2008 Joint Meeting of The Geological Society of America, Soil Science Society of America, American Society of Agronomy, Crop Science Society of America, Gulf Coast Association of Geological Societies with the Gulf Coast Section of SEPM

Paper No. 8
Presentation Time: 10:05 AM

Fracture Pattern Prediction Using Geomechanical Models Incorporating Diagenesis, with Comparison to Outcrop Data (Cambrian Eriboll Group sandstones, Northwestern Scotland)

PINZON, Edgar A., Department of Geological Sciences, Jackson School of Geosciences, The University of Texas at Austin, 1 University Station C1100, Austin, TX 78712-0254 and LAUBACH, Stephen E., Bureau of Economic Geology, John A. and Katherine G. Jackson School of Geosciences, The University of Texas at Austin, University Station, P.O. Box X, Austin, TX 78713-8924, edgar.pinzon@mail.utexas.edu

Effective and accurate characterization of fracture populations is a key for hydrocarbon reservoir assessments. Outcrop studies have been an important source of information on fracture patterns providing better knowledge of distribution, connectivity and geometry. By establishing an analogy to outcrop observations, core data can be used to better understand subsurface fracture patterns, leading to predict more accurate fracture permeability and flow patterns. Using geomechanical models to simulate fracture pattern development is one way to systematically generalize the detailed observations of outcrop fractures in a specific locality to the general problem of prediction of fractures in the subsurface. I use a combined methodology for fracture pattern description, which includes macro-microscale observations of fractures and cements in Eriboll Formation outcrops (Focused on aperture and length attributes). I use a geomechanical model that simulates fracture growth under the influence of concurrent diagenesis.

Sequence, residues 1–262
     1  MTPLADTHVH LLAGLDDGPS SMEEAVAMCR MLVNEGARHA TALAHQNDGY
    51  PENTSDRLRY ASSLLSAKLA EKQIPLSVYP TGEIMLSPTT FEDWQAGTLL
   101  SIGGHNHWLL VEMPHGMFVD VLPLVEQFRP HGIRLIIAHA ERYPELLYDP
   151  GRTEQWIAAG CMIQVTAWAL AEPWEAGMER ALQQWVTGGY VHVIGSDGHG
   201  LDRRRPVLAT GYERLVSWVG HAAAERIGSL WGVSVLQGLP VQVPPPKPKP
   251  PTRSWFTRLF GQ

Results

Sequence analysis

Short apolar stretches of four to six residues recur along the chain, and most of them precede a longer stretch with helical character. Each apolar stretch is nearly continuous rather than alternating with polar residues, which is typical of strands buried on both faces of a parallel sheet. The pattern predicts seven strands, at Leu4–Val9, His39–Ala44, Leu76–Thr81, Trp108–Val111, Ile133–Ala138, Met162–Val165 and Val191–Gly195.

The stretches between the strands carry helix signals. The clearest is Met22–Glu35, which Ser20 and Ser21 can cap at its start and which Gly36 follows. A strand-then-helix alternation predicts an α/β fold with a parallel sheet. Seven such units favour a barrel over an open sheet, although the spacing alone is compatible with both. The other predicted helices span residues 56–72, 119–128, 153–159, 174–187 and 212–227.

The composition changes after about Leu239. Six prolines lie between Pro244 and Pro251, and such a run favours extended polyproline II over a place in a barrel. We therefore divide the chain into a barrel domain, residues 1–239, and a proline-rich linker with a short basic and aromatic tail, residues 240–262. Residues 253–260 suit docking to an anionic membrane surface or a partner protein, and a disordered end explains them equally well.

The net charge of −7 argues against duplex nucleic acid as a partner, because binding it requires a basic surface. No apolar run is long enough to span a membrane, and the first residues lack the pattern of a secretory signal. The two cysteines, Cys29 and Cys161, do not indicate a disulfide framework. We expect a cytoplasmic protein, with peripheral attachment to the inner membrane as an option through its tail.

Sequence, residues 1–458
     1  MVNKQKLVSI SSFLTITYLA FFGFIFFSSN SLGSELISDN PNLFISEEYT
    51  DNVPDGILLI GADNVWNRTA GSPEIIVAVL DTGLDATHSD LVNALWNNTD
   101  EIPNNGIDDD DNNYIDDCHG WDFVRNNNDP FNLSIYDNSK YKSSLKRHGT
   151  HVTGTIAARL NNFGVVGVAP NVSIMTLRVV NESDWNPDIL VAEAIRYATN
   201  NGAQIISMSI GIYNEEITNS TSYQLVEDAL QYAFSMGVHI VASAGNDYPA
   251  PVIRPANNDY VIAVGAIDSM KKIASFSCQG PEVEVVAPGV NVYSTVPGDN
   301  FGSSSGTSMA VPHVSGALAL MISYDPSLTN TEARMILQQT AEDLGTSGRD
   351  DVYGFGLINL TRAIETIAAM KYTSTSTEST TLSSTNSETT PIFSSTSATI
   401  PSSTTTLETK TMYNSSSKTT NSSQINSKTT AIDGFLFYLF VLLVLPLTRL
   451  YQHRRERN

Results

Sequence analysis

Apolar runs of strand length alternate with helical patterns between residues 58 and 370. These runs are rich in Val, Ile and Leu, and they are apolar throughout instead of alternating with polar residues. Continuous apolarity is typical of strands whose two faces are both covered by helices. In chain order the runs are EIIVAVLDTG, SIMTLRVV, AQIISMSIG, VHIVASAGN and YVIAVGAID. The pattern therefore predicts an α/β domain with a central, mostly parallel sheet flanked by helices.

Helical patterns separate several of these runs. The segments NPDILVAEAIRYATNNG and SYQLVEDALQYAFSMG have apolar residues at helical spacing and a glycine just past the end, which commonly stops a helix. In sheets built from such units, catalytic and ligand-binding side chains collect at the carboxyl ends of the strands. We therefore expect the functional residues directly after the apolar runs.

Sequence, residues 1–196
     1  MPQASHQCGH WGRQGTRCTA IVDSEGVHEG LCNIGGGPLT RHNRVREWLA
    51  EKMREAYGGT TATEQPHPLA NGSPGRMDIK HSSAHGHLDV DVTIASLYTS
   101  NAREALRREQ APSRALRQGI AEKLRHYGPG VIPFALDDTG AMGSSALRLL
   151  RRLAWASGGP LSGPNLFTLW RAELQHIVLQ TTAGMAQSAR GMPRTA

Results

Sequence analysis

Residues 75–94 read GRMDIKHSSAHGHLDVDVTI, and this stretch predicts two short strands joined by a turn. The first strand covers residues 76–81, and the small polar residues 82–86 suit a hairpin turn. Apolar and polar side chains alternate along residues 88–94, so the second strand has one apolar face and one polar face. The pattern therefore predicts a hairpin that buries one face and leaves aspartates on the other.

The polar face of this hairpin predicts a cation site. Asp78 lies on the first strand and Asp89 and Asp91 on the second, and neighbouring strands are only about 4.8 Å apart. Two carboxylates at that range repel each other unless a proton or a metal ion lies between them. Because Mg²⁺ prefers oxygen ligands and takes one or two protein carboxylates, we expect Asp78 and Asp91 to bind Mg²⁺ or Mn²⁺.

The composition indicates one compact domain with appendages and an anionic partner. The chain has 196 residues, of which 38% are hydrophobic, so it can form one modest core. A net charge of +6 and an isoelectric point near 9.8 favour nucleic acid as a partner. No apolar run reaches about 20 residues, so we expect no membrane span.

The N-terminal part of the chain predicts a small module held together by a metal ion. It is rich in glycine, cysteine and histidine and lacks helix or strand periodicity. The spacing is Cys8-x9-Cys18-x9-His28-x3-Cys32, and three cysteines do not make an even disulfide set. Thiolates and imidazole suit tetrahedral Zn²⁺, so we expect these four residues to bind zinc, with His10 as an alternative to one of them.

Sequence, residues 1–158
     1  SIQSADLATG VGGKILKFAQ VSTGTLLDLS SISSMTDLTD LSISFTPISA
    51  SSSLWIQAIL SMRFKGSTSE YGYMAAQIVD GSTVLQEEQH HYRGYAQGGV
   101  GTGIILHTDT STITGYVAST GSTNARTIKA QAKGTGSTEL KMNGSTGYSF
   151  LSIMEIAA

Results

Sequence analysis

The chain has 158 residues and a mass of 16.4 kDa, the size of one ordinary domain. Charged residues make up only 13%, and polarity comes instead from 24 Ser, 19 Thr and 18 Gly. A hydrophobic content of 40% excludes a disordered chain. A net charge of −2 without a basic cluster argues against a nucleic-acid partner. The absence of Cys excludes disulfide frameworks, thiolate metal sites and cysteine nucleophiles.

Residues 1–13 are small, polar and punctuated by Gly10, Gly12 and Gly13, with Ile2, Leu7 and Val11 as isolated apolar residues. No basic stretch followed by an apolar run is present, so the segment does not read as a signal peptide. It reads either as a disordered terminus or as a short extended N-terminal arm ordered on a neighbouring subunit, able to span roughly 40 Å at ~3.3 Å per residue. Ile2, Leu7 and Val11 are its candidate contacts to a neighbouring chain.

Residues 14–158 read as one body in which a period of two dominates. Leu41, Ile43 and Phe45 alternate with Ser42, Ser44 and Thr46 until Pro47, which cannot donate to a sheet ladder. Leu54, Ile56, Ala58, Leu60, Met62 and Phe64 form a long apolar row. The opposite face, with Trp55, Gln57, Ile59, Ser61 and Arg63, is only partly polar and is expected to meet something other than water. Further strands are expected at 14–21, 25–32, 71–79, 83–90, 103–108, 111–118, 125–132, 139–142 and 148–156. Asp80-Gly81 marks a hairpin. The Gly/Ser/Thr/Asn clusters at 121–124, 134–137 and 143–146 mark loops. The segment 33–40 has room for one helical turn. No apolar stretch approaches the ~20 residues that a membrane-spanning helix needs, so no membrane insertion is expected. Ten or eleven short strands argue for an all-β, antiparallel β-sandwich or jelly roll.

The Eriboll Formation outcrops are unusually well-preserved examples of opening-mode fractures (veins and joints) with a great exposure of fracture size distributions. Using photographic and conventional mapping techniques, I generated fracture trace maps. Combining macrofracture observations with measurements along scanlines, petrography, fluid-inclusion analysis and high-resolution scanning electron microscopy (SEM), I found three preferred strikes oriented sets of fractures (outcrop level): N-S, NW-SE and E-W. From microstructural observations, I found that the current fracture pattern is the result of superimposed deformations that produced N-S striking fractures of different ages that share a common strike but that differ in dip and in cross section show consistent crosscutting relations. Rock mechanical properties, subcritical crack index, diagenesis, mechanical layer thickness and strains measured from outcrop and subsurface rocks were used as an input for a geomechanical fracture pattern simulator (Joints simulator, Olson, 2007). My results show how geomechanical models that incorporate fracture and diagenesis can help make outcrop more germane to subsurface fracture prediction.